A novel framework for globally just resilience

A new analytical framework is required to better account for the transboundary effects of climate change and conceptualise a just transition for adaptation in this context. Our proposed framework, illustrated in the figure below (extracted from the brief, p.2), includes two core dimensions:

  1. Justice, broadly conceptualised;
  2. Connectedness, referring to the scope and connectivity of a system being adapted.

Each exists across a spectrum, and each can advance without the other. Only by addressing both together, however, can we achieve globally just resilience.

Procedural justice refers to the degree to which those affected by climate risk and adaptation are recognised and able to fully participate in decision-making processes.

Distributive justice refers to how the benefits and harms of adaptation outcomes are allocated. It engages with questions such as “who benefits, and how?” and “who gets left behind?”

On the other axis, connectedness captures the degree to which adaptation actions account for the broader systems and structures beyond the place or sector in which they occur.

Truly understanding the effects of an adaptation action thus requires considering how it may affect people in other places – be it via ecosystems, value chains, human migration or financial flows. As with justice, connectedness can be addressed at different levels: from accounting for local context but failing to recognise systemic and structural factors, to making some connections across regions or sectors, to fully recognising global and multisectoral causes and effects.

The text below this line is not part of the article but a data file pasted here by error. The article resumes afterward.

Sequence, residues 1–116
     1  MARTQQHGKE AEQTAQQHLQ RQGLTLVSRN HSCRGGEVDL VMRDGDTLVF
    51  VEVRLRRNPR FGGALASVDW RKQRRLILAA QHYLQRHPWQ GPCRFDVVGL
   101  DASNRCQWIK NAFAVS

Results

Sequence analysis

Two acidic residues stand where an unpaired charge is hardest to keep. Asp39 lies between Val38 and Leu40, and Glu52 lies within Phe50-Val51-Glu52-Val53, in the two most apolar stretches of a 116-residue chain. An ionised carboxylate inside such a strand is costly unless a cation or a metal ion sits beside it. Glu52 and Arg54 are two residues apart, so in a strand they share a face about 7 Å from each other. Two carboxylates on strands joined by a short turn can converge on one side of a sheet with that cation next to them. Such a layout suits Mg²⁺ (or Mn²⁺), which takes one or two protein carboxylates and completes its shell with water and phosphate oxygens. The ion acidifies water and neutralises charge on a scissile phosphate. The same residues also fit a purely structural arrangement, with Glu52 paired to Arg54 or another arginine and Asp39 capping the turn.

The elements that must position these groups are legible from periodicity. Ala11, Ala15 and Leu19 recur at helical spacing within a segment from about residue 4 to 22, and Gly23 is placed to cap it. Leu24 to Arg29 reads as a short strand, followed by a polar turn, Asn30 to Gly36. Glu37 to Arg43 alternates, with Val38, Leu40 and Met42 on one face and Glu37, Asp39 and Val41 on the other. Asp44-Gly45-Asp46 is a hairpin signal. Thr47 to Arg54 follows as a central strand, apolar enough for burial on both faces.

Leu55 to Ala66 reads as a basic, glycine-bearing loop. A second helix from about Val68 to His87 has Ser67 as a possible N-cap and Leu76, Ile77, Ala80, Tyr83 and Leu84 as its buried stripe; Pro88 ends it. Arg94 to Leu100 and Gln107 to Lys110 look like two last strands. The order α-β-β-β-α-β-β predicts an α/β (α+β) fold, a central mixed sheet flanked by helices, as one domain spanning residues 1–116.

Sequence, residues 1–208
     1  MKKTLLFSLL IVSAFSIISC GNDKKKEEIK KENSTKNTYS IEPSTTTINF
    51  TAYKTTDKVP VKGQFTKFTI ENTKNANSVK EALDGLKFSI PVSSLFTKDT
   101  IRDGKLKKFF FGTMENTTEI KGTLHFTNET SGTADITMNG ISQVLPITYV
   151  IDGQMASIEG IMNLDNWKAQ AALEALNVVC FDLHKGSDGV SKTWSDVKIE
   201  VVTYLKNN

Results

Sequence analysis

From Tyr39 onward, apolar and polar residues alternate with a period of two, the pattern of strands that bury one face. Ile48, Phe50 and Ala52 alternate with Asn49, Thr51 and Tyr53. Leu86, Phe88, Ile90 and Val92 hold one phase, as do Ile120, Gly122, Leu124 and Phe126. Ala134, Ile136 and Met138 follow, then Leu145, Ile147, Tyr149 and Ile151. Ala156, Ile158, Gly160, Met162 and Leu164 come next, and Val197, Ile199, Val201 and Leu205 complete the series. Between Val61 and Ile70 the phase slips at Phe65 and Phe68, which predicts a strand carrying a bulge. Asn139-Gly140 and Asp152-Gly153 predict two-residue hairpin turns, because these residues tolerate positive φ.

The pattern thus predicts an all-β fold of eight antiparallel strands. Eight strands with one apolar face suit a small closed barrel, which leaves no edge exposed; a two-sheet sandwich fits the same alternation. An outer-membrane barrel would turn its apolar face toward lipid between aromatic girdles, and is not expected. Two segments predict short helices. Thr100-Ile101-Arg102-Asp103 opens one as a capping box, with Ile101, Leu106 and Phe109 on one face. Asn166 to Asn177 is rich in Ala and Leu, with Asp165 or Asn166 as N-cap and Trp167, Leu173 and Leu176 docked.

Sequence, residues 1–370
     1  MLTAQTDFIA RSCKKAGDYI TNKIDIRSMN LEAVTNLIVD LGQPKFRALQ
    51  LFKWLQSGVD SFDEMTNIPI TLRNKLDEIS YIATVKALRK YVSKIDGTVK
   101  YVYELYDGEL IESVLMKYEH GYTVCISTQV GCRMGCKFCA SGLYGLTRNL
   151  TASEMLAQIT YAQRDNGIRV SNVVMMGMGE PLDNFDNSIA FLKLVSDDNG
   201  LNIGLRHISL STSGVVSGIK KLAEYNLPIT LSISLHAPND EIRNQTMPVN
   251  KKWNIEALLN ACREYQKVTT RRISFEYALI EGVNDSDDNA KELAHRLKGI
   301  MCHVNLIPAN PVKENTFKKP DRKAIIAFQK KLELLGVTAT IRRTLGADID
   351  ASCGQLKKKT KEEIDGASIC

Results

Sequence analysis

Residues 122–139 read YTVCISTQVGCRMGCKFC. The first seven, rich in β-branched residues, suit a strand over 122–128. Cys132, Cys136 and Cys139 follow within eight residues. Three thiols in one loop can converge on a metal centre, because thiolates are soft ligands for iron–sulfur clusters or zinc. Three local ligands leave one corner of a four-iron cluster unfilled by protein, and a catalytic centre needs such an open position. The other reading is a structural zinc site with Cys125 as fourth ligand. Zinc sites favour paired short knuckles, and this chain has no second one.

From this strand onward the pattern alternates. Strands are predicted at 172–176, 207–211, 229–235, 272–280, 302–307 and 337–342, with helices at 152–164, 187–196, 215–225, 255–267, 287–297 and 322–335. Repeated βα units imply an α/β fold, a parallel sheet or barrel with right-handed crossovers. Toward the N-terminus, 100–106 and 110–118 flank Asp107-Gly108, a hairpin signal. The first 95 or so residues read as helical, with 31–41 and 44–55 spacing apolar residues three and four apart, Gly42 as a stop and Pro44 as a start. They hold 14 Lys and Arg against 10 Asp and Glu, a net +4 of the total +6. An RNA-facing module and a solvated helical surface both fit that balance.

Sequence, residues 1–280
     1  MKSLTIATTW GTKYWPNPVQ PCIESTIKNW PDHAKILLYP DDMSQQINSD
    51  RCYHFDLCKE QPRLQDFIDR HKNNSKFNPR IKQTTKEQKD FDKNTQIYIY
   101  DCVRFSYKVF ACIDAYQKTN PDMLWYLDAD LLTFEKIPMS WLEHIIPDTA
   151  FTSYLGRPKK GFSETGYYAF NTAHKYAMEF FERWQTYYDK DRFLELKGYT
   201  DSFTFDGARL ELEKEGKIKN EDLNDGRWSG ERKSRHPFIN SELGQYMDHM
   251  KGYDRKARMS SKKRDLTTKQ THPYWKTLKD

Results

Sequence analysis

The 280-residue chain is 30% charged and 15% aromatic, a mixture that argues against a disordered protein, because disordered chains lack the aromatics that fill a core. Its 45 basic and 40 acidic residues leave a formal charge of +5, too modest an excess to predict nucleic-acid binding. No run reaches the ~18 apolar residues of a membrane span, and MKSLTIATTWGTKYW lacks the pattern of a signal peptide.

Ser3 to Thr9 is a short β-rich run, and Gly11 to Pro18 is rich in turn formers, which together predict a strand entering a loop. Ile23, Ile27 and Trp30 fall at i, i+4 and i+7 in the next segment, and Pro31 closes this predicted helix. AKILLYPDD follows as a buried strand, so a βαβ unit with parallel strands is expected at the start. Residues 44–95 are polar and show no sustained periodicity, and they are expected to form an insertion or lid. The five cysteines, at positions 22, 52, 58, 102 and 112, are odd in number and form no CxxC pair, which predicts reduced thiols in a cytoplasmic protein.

Implications for human security

Failing to sufficiently account for justice in adaptation may appear to be in wealthier nations and communities’ self-interest, but it can create significant human security risks.

The adverse effects of climate change can exacerbate the grievances of already vulnerable communities and open the door to more significant security challenges. Reduced water availability, food scarcity and land degradation due to climate change may lead to increased poverty and hunger, especially in agricultural communities in developing countries. That, in turn, can escalate tensions, particularly in the absence of good governance. Terror and organised crime groups with regional and even global reach can benefit from increased human insecurity.

Adopting a just approach to adaptation is thus necessary to both safeguard human security and limit the subsequent negative effects on traditional national security and geopolitics.

Achieving globally just resilience: The road ahead

The aim of this brief has been to make the case for a just transition for adaptation. In order to take this work forward, it is necessary to move from awareness to action. Specifically, we recommend: